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Earlier today, video game publication Polygon released an article that highlighted a specific section from author Walt Williams’ book Significant Zero. In this piece, Williams discusses the topic of the video game “crunch” and why he’s not against it. For those that don’t know, the “Crunch” is when a development team has an approaching deadline and needs to work overtime to finish the game. However, this isn’t always the case and in some instances, as highlighted in this piece by Kotaku, the crunch can happen across the entire development of a title.
Many bring up the health and social issues that the crunch can have, as it’s largely seen as a negative within the industry. Working that much for an egregious amount of hours can cause a lot of damage, especially if it’s a small indie team. The crunch is largely viewed as a destructive problem that needs to be fixed or alleviated in some way. So it came as a surprise when Willaims’ writing went up that discusses why he finds this cycle so appealing. In one section he equates the crunch to be a high for him stating:
Crunch is my chase, and it leads me to a high that’s like Vegas, Amsterdam and Bangkok rolled into one. See, there are few things I love more than being in a fight. It fills my need for power, pain, and righteous indignation. If I win, I’m a god. If I lose, I’m a martyr. Both feel fucking stellar. No sir, there’s nothing bad about a fight. And Crunch is a fight from start to finish. It’s the entire development process condensed into a never-ending string of dustups, like in Game of Death, starring Bruce Lee. Except instead of Kareem Abdul-Jabbar, you’re fighting tech, memory, art, design, publishers, players, reviewers, budgets, schedules, weekends, egos, studio closures, unpaid royalties, cultural relevance — the list goes on and on.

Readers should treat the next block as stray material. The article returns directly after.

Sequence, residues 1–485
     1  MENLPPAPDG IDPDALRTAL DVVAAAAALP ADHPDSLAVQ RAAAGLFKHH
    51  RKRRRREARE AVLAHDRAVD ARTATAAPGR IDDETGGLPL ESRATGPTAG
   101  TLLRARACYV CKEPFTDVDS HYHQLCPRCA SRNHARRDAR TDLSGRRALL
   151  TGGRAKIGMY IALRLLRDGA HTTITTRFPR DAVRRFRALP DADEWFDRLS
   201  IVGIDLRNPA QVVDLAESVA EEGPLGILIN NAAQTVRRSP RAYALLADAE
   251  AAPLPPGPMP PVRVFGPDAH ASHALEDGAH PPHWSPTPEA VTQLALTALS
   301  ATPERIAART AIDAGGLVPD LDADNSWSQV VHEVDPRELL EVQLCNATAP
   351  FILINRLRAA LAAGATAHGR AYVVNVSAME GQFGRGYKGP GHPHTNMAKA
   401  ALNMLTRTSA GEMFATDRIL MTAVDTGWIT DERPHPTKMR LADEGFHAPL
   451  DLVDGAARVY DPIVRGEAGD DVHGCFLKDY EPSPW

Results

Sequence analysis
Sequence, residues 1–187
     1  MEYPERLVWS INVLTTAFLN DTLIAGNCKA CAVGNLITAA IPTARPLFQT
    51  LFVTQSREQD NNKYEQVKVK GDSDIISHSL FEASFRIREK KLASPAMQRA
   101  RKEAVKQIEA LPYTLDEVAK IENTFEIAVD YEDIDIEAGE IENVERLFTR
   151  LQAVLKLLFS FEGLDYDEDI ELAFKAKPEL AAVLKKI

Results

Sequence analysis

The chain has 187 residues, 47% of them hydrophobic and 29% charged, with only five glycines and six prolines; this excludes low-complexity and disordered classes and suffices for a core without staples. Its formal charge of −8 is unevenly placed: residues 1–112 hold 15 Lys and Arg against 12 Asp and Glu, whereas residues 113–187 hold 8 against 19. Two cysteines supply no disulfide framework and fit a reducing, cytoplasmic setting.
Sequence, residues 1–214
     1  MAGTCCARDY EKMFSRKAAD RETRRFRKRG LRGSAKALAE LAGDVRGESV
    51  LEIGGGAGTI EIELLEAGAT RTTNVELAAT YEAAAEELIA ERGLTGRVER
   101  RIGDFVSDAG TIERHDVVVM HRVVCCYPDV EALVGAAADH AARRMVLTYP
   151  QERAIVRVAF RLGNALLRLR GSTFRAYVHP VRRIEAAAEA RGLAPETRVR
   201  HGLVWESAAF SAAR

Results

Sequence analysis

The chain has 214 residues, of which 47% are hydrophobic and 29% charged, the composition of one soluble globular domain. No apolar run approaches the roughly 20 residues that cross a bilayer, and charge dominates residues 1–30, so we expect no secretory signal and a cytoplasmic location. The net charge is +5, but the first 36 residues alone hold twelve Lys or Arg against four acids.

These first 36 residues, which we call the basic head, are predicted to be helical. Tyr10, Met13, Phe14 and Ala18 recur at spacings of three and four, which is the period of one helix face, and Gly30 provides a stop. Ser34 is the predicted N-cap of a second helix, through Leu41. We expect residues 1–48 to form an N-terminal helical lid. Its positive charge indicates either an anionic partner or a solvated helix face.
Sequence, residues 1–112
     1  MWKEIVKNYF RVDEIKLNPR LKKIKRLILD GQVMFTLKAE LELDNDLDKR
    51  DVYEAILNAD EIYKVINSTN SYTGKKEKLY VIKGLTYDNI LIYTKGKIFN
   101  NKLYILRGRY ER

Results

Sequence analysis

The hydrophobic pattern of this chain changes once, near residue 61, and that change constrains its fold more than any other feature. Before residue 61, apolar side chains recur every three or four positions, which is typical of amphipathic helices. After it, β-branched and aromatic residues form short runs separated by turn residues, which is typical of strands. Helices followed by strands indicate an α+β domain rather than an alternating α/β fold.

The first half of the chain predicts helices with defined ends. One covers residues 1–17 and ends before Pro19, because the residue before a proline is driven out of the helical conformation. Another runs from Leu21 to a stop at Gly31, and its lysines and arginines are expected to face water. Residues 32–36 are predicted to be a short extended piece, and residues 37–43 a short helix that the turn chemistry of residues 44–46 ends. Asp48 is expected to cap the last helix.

However, it’s important to note that later on Willaim’s clarifies his stance on the crunch, remarking:
This isn’t an endorsement, by the way. It’s the confession of an addict. Some people will say it shouldn’t be like this, that making games shouldn’t come with so high a price. And, in a perfect world, maybe they’d be right. It’s clear what kind of world we wish for; its design has repeatedly appeared in our games for decades.
Two hours after this feature went live, Willaims took to Twitter and stated that he does view the crunch as destructive. He explains that this piece is specifically focused on his perception of this problem and how it affects him. Williams elaborates how this section was from “…a moment in my life when I was at my lowest & giving in to my most self-destructive tendencies”
There has been a rather noticeable outcry from the public regardless, as many accused Willaims of glorifying the crunch. Many readers took to Twitter and Polygon’s comment section to explain their issues with the excerpt.
This is not the first time the crunch as been brought up as various outlets such as Kotaku, Venture Beat, The Guardian, and Waypoint have brought up this issue. Popular Youtuber Jim Sterling dedicated an entire video to showcasing the problems of the crunch. It is important to remember once more that this piece by Willaims is meant to be from his perspective alone. If you want to read his full thoughts on the crunch then you can check out his article here. We will update this piece if any more information comes forward.